At the inception of a contractual arrangement, the Company determines whether the contract contains a lease by assessing whether there is an identified asset and whether the contract conveys the right to control the use of the identified asset in exchange for consideration over a period of time. If both criteria are met, the Company calculates the associated lease liability and corresponding ROU assets upon lease commencement using a discount rate based on a credit-adjusted secured borrowing rate commensurate with the term of the lease. The Company records lease liabilities within current or noncurrent liabilities based upon the length of time associated with the lease payments. The operating lease ROU assets includes any lease payments made and excludes lease incentives and initial direct costs incurred, if any, and are recorded as noncurrent assets. Lease terms may include options to extend or terminate the lease when it is reasonably certain that the Company will exercise that option. There are no finance leases as of March 31, 2019.



Leases with an initial term of 12 months or less are not recorded on the accompanying condensed balance sheet. Lease expense for minimum lease payments is recognized on a straight-line basis over the lease term.



The impact of the adoption of ASC 842 on the accompanying condensed balance sheet as of January 1, 2019 was as follows (in thousands. 





 

 

 

 

 

 

 

 

 

 



 

December 31,
2018

 

 

Adjustments
Due to the
Adoption of
ASC 842

 

 

January 1,
2019

Right of Use Assets (1)

 

 

 

 

 

 

 

 

 

 

Operating lease - right of use asset

 

$

 —

 

$

4,267 

 

 

$

4,267 



 

 

 

 

 

 

 

 

 

 

Operating lease liabilities

 

 

 

 

 

 

 

 

 

 

Current

 

$

 —

 

$

964 

 

 

$

964 

Noncurrent

 

$

 —

 

$

3,432 

 

 

$

3,432 



 

 

 

 

 

 

 

 

 

 

(1) Operating lease right-of-use assets includes deferred rent of $129 thousand



13  


 

Recently issued accounting pronouncements



In August 2018, the FASB issued guidance which adds, amends and removes certain disclosure requirements related to fair value measurements.  Among other changes, this standard requires certain additional disclosure surrounding Level 3 assets, including changes in unrealized gains or losses in other comprehensive income and certain inputs in those measurements.  This new guidance is effective for fiscal years, and interim periods within those fiscal years, beginning after December 15, 2019.  Certain amended or eliminated disclosures in this standard may be adopted early, while certain additional disclosure requirements in this standard can be adopted on its effective date.  In addition, certain changes in the standard require retrospective adoption, while other changes must be adopted prospectively.  The Company is currently evaluating this new standard and its impact on our consolidated financial statements.

 

Note 2:  Revenue Recognition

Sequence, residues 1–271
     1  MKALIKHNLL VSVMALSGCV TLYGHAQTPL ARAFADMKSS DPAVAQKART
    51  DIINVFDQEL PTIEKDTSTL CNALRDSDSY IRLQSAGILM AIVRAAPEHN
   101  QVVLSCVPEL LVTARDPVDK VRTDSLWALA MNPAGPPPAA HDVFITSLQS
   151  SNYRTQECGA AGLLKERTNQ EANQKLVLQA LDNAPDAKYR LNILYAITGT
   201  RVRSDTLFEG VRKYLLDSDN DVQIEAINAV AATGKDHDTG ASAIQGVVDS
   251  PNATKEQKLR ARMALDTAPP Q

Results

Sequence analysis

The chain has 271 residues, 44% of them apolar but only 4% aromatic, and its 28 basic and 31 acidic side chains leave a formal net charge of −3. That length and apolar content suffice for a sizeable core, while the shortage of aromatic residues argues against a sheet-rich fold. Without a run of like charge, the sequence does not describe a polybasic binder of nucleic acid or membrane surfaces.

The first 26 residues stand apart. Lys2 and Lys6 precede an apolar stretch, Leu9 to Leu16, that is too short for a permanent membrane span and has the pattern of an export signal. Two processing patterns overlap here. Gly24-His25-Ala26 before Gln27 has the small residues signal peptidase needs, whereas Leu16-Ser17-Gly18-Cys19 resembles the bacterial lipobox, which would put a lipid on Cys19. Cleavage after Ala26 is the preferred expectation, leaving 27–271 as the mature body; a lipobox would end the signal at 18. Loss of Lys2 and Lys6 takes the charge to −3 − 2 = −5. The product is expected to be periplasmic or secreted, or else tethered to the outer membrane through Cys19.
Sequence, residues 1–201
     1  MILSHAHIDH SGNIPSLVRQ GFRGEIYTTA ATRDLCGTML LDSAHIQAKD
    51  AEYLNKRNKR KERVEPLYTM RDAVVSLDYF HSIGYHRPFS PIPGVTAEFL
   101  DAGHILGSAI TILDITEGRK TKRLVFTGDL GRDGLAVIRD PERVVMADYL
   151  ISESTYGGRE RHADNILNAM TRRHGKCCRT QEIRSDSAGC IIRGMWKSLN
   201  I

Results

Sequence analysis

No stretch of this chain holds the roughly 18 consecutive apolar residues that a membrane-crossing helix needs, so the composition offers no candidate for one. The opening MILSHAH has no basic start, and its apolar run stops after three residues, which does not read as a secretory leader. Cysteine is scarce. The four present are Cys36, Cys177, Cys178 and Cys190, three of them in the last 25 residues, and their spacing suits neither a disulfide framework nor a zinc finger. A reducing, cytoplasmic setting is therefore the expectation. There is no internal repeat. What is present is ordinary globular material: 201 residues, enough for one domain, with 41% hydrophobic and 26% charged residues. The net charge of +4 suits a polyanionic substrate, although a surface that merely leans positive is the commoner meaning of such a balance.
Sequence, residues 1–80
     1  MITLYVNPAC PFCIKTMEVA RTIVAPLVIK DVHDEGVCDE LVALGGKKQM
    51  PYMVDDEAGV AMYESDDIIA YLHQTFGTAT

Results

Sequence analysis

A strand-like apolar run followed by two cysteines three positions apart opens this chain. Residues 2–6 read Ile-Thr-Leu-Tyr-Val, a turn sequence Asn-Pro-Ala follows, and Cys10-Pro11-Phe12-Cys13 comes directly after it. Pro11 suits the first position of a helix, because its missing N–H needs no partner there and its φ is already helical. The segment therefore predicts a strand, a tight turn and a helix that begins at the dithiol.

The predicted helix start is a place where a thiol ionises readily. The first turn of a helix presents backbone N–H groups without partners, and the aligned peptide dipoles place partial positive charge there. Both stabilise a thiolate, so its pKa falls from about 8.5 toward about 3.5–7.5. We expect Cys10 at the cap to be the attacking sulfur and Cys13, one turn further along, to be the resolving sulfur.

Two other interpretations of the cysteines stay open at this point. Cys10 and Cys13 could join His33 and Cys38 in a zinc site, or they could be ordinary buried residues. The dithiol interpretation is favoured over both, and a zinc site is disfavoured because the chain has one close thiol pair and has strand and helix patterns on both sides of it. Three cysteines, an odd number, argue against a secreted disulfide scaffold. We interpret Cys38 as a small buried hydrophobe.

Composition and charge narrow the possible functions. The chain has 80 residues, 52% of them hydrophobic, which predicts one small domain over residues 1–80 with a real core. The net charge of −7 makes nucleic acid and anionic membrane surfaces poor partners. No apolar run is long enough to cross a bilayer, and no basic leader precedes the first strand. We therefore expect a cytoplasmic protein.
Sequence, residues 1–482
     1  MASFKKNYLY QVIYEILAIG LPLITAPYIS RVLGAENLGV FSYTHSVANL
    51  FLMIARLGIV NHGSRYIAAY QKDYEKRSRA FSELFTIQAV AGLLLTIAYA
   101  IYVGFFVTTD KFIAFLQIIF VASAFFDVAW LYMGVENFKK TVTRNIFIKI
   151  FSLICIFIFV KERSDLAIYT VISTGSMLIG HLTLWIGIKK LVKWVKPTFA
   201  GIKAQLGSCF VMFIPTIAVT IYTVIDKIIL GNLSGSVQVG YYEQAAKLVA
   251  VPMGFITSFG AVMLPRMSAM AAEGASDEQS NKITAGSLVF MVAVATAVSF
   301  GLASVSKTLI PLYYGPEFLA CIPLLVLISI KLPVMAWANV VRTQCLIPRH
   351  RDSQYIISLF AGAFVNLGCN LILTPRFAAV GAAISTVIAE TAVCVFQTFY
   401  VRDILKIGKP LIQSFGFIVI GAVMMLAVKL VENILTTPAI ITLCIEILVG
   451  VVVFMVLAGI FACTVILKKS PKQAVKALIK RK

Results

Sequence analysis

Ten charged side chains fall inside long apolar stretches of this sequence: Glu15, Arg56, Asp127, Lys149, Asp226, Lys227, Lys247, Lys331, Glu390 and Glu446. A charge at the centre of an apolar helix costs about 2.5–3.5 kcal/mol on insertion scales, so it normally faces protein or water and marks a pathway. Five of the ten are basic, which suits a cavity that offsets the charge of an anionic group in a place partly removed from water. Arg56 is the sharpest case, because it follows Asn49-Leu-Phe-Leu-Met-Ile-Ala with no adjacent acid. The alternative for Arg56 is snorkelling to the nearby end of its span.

All of the Company’s revenues are earned from contracts with customers and are classified as either Product or Contract revenues.  Contracts include written agreements and purchase orders, as well as arrangements that are implied by customary practices or law.



Product revenue is generated primarily from contracts to produce, ship and deliver OLED microdisplays.  eMagin’s performance obligations are satisfied, control of our products is transferred, and revenue is recognized at a single point in time when control transfers to our customer for product shipped. Our customary terms are FOB our factory and control is deemed to transfer upon shipment. The Company has elected to treat shipping and other transportation costs charged to customers as fulfillment activities and are recorded in both revenue and cost of sales at the time control is transferred to the customer.  As customers are invoiced at the time control transfers and the right to consideration is unconditional at that time, the Company does not maintain contract asset balances for product revenue. Additionally, the Company does not maintain contract liability balances for product revenues, as performance obligations are satisfied prior to customer payment for product. The Company generally offers a one -year product warranty, for replacement of product only, and does not allow returns.  The Company offers industry standard payment terms that typically require payment from our customers from 30 to 60 days after title transfers.



The Company also recognizes revenues under the over time method from certain research and development (“R&D”) activities (contract revenues) under both firm fixed-price contracts and cost-type contracts.  Progress and revenues from research and development activities relating to firm fixed-price contracts and cost-type contracts are generally recognized on an input method of accounting as costs are incurred. Under the input method, revenue is recognized based on efforts expended to date (e.g., the costs of resources consumed or labor hours worked, or machine hours used) relative to total efforts intended to be expended .  Contract costs include all direct material, labor and subcontractor costs and an allocation of allowable indirect costs as defined by each contract, as periodically adjusted to reflect revised agreed upon rates.  These rates are subject to audit by the other party.  Any changes in estimate related to contract accounting are accounted for prospectively over the remaining life of the contract.   Under the over time method, billings may not correlate directly to the revenue recognized. Based upon the terms of the specific contract, billings may be in excess of the revenue recognized, in which case the amounts are included in deferred revenues as a liability on the Condensed Consolidated Balance Sheets. Likewise, revenue recognized may exceed customer billings in which case the amounts are reported as unbilled receivables. Unbilled revenues are expected to be billed and collected within one year.  The incidental costs related to obtaining product sales contracts are non-recoverable from customers and, accordingly, are expensed as incurred.